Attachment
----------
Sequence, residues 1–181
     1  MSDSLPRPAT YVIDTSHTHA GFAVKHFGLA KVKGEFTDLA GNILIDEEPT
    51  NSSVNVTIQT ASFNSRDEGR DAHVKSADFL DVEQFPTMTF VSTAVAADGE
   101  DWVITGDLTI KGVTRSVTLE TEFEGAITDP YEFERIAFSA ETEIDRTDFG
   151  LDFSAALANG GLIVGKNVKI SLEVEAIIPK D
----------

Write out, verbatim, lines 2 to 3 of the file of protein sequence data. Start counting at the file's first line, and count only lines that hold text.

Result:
     1  MSDSLPRPAT YVIDTSHTHA GFAVKHFGLA KVKGEFTDLA GNILIDEEPT
    51  NSSVNVTIQT ASFNSRDEGR DAHVKSADFL DVEQFPTMTF VSTAVAADGE